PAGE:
Nina Cartier is a PhD candidate at Northwestern University whose essay “I Get Lifted? Delineating Uplift’s Restrictions upon Black Female Desire in Silent Era Race Films” was published in Not So Silent: Women in Cinema before Sound (Stockholm: Stockholm University Press, 2010).
Mark D. Cunningham is an adjunct professor in radio, television, and film at Austin Community College, in Austin, Texas. He received his PhD in radio, television, and film from the University of Texas at Austin. He has contributed essays to several anthologies: on the film Crooklyn (Spike Lee, 1994) for The Spike Lee Reader, on the film adaptations of the Twilight novels for Genre, Reception, and Adaptation in the “Twilight” Series, and on television’s Noah’s Arc (2005–2006) for Watching While Black: Centering the Television of Black Audiences. He has forthcoming essays on Ice-T and his role on the television series Law & Order: Special Victims Unit (1999–) and on the independent black film Medicine for Melancholy (Barry Jenkins, 2008).
Zeinabu irene Davis is an independent filmmaker and professor of communication at the University of California, San Diego. Her work is passionately concerned with the depiction of women of African descent. A selection of her award-winning works includes a short drama about a young slave girl for both children and adults, Mother of the River (1996); a personal essay on breast-feeding, Co-Motion (2010); and an experimental narrative exploring the psycho-spiritual journey of a woman, Cycles (1989). Her dramatic feature film Compensation (1999) features two interrelated love stories that offer a view of black deaf culture. Her current documentary work, Spirits of Rebellion: Black Cinema at UCLA, is in postproduction.
Anna Everett is a professor of film, television and new media studies at the University of California, Santa Barbara. She is a two-time recipient of the Fulbright Senior Scholar Award (2005, 2007), among other honors. Her many publications include the books Returning the Gaze: A Genealogy of Black Film Criticism, 1909-1949; Learning Race and Ethnicity: Youth and Digital Media (for the MacArthur Foundation's series on Digital Media, Youth, and Learning), New Media: Theories and Practices of Digitextuality, AfroGeeks: Beyond the Digital Divide, Digital Diaspora: A Race for Cyberspace, and Pretty People: Movie Stars of the 1990s. She is finishing a new book on President Obama, social media culture and the Where U @ Generation.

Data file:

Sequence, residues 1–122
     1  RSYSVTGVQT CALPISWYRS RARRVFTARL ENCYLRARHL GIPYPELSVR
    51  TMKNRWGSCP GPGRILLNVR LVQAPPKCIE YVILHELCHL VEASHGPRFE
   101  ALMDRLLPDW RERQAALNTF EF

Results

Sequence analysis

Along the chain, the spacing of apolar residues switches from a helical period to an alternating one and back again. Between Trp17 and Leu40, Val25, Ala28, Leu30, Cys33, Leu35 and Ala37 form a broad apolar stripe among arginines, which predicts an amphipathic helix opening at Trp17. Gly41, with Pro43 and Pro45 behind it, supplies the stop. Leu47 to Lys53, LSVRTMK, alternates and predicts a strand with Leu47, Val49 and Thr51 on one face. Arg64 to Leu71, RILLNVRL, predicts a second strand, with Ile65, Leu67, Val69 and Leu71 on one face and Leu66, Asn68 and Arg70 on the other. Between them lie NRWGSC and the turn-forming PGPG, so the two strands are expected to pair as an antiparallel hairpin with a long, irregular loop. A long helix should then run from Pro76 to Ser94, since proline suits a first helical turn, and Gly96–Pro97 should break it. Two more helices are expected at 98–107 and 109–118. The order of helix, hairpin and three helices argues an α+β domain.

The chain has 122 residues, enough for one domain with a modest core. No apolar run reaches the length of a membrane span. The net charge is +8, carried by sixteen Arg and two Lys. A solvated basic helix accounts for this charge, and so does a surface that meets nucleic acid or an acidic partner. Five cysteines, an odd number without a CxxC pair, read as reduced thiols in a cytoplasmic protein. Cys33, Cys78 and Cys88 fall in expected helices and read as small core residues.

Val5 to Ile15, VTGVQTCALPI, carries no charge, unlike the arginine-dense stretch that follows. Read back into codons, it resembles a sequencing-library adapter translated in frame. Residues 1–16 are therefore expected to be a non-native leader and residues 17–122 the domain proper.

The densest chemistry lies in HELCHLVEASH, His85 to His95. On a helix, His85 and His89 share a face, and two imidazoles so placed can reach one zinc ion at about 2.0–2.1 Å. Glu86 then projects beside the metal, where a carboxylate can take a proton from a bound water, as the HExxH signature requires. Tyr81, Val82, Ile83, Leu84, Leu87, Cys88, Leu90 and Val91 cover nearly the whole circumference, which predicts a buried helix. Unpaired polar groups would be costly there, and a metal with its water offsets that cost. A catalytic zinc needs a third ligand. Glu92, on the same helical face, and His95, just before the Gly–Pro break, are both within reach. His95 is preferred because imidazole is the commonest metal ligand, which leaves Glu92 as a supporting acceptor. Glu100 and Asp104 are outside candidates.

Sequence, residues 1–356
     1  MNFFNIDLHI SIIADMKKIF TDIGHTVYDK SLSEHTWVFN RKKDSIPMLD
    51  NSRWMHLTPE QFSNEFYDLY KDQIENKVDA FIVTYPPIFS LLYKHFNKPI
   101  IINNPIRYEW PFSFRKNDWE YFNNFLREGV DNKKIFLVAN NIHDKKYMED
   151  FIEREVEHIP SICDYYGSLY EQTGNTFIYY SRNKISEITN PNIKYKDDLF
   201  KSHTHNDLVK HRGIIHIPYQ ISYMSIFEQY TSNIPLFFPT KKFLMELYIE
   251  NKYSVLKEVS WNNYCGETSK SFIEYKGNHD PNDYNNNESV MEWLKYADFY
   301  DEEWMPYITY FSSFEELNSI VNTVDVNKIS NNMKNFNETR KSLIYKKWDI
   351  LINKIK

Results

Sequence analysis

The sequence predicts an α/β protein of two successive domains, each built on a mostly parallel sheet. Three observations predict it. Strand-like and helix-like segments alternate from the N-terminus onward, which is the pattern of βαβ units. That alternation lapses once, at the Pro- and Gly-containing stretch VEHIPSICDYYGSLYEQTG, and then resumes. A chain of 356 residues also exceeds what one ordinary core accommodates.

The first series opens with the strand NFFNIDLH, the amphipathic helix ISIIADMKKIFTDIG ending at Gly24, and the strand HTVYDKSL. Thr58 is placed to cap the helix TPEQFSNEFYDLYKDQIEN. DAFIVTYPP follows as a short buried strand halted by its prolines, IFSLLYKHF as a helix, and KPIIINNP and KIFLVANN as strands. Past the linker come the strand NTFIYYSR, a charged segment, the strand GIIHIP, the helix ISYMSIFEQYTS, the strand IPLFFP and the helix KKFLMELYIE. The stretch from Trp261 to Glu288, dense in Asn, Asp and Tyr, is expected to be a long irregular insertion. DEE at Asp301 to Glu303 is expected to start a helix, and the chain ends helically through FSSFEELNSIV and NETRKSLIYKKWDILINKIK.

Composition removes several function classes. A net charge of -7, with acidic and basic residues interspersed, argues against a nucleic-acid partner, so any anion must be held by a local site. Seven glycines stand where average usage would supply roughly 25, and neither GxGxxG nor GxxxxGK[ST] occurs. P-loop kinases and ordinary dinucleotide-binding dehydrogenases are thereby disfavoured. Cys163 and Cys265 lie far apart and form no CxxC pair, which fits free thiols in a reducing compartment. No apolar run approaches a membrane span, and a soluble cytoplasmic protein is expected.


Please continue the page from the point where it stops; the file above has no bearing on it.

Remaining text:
Allyson Nadia Field is assistant professor of cinema and media studies at the University of California, Los Angeles. She is currently completing a book on African American “uplift cinema” of the 1910s. Together with Jan-Christopher Horak and Jacqueline Stewart, she is cocurator of the L.A. Rebellion project and coeditor of a forthcoming volume dedicated to the group. At UCLA, she is a faculty affiliate of the Ralph J. Bunche Center for African American Studies and the Moving Image Archive Studies program. [End Page 162]
Terri Francis is visiting associate professor in cinema studies at the University of Pennsylvania. The author of numerous essays on Josephine Baker and American film, Francis’s forthcoming book, Josephine’s Burlesque: Performance, Film and Race, considers the entertainer’s films against the backdrop of African American cinephilia. Francis is guest editor of a close-up on Afro-surrealism in the fall 2013 issue of Black Camera.
Racquel Gates is an assistant professor in the Department of Media Culture at the College of Staten Island, City University of New York. Her research focuses on representations of race in popular culture, with specific attention to the importance of disreputable media in discourses of race, gender, and class. Her work has appeared in Antenna, In Media Res, the recently released anthology Watching While Black: Centering the Television of Black Audiences, and Saturday Night Live and American TV. She is currently working on a book project that explores the phenomenon of “acting white” in contemporary black popular culture.
Miriam J. Petty is an assistant professor in the Department of Radio, Television, Film and the Department of African American Studies at Northwestern University. She writes and teaches on issues of stardom, reception, genre, race, and media and is especially interested in the history of African American representation in Hollywood film. Her book Stealing the Show: African American Performers and Audiences in 1930s Hollywood (forthcoming from the University of California Press) explores the complex relationships between black audiences and black performers in the classical Hollywood era. Petty is also exploring the layered connections between the work of contemporary African American filmmaker Tyler Perry and key African American cultural works, movements, and institutions. Her recent projects include Madea’s Big Scholarly Roundtable: Perspectives on the Media of Tyler Perry, a scholarly symposium examining the significance and impact of Perry’s ascent as a multiplatform cultural producer.
Beretta E. Smith-Shomade is an associate professor in the Department of Communication at Tulane University. Her research centers on the production, aesthetic, representational, and industrial aspects of Black television engagement. She has two books published in these frameworks: Shaded Lives: African-American Women and Television (Rutgers, 2002) and Pimpin’ Ain’t Easy: Selling Black Entertainment Television (Routledge, 2007). Her most recent effort is the anthology Watching While Black: Centering the Television of Black Audiences (Rutgers, 2013). Beyond these, Smith-Shomade has published in journals and anthologies on Black filmic representations, cable television, and Black spirituality. Future research directions include the examination of African American independent media distribution; K–12 media literacy efforts; and Blacks, mediation, and religion. [End Page 163]